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Physiol Behav. 2008 Sep 3;95(1-2):114-7. doi: 10.1016/j.physbeh.2008.05.006. Epub 2008 May 15.

Short-term effects of a novel fat emulsion on appetite and food intake.

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Department of Human Biology, Maastricht University, Maastricht, The Netherlands.


The objective of the study was to confirm the satiety/energy intake effect of a novel fat emulsion (Olibra) versus placebo in the short term. A randomized, double-blind, placebo-controlled, crossover design was used. 41 subjects participated in the study (n=21: junior-normal weight: age 23.7+/-2.8 years; BMI: 22.0+/-1.6 kg/m(2); n = 20: senior-overweight: age 43.6+/-4.9 years; BMI: 27.7+/-1.6 kg/m(2)). An energy intake and satiety test (with questionnaires) took place on 2 occasions, with placebo or test yoghurt as breakfast. In the junior-normal weight subjects, consumption of test yoghurt reduced hunger and desire to eat during the morning (area under curve, p<0.05) and increased the time elapsed between consumption of the yoghurt and the point at which hunger scores returned to baseline; 234+/-79 min in the test condition compared to 174+/-58 min in the placebo condition (p<0.05). No significant differences in appetite scores between the test and placebo yoghurt were seen for the senior-overweight subjects. No effect on energy intake was seen in the total group, in the junior-normal weight and senior-overweight subjects. In conclusion, the Olibra emulsion exerted a suppressive effect on the area under the curve of appetite ratings over 3 h in normal weight women aged 18 to 30 years. The Olibra emulsion did not affect subsequent energy intake in either group.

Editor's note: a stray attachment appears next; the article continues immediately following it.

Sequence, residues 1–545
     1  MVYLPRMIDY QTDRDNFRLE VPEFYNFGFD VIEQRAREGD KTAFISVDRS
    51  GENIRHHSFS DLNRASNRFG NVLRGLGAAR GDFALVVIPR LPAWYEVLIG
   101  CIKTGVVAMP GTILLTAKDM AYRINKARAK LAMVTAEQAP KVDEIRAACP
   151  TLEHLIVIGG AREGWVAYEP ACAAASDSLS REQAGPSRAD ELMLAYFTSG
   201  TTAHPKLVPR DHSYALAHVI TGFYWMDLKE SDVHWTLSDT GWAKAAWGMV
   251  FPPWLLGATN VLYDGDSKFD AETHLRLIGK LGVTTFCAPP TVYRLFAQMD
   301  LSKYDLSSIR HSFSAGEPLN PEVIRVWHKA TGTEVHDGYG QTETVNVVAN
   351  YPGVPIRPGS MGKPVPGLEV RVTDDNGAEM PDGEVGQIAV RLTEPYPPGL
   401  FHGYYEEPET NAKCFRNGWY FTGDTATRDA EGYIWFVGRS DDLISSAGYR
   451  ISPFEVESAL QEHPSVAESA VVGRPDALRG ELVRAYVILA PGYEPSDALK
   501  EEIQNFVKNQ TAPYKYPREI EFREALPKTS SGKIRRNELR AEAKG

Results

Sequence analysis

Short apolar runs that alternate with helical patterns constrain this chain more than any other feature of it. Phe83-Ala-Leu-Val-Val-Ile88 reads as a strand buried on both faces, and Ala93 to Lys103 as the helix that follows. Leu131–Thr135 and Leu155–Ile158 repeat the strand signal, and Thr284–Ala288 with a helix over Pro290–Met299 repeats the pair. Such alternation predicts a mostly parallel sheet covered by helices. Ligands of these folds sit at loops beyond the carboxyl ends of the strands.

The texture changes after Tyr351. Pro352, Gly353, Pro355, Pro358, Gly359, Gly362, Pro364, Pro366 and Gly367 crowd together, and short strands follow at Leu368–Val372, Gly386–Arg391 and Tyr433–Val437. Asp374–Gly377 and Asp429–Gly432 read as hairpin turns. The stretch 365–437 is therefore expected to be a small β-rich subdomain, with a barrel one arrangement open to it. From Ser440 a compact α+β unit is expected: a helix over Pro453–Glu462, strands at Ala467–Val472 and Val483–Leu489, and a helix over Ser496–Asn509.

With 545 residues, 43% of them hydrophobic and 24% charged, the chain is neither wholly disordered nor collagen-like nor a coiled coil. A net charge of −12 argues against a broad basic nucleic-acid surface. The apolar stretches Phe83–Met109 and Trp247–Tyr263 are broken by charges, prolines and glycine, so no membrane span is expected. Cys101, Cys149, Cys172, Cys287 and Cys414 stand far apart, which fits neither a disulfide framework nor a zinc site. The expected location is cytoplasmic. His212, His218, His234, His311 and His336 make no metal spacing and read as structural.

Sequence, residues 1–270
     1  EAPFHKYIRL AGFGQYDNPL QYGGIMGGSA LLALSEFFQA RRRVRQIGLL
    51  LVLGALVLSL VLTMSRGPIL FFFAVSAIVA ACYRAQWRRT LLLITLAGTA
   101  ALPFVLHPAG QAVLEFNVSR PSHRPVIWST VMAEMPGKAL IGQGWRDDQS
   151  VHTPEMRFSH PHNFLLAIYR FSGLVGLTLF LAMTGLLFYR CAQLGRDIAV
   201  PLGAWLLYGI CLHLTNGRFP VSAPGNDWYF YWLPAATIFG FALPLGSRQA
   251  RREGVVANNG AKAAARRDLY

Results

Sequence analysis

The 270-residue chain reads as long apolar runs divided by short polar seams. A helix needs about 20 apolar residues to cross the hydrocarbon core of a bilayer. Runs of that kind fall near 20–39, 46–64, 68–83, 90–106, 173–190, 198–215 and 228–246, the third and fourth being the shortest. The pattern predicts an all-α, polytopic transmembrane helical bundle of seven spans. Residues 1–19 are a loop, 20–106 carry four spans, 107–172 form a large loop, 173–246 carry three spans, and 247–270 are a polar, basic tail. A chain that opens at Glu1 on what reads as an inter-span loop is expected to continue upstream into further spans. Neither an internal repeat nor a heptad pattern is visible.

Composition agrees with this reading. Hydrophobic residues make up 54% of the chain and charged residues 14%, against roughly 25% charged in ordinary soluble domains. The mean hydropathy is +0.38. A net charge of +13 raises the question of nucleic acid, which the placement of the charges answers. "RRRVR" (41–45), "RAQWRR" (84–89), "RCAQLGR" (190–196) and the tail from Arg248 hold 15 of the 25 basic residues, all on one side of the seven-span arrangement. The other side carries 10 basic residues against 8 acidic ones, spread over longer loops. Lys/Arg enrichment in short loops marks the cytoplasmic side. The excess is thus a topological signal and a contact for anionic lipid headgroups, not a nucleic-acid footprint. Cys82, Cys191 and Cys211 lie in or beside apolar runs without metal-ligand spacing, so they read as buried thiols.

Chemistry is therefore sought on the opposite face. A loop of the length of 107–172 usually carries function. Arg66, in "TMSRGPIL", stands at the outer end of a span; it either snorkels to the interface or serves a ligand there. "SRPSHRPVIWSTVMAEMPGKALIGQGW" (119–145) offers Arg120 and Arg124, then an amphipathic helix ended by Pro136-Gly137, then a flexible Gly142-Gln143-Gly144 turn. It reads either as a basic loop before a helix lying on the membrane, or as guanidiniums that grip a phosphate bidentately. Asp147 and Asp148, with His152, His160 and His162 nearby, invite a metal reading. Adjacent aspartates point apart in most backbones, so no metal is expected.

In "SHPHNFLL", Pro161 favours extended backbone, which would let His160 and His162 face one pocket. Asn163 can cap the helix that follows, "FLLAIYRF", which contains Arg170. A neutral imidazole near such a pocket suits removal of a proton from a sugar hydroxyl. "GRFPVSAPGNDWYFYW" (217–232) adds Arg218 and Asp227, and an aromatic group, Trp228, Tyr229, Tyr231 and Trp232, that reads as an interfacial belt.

[Indexed for MEDLINE]

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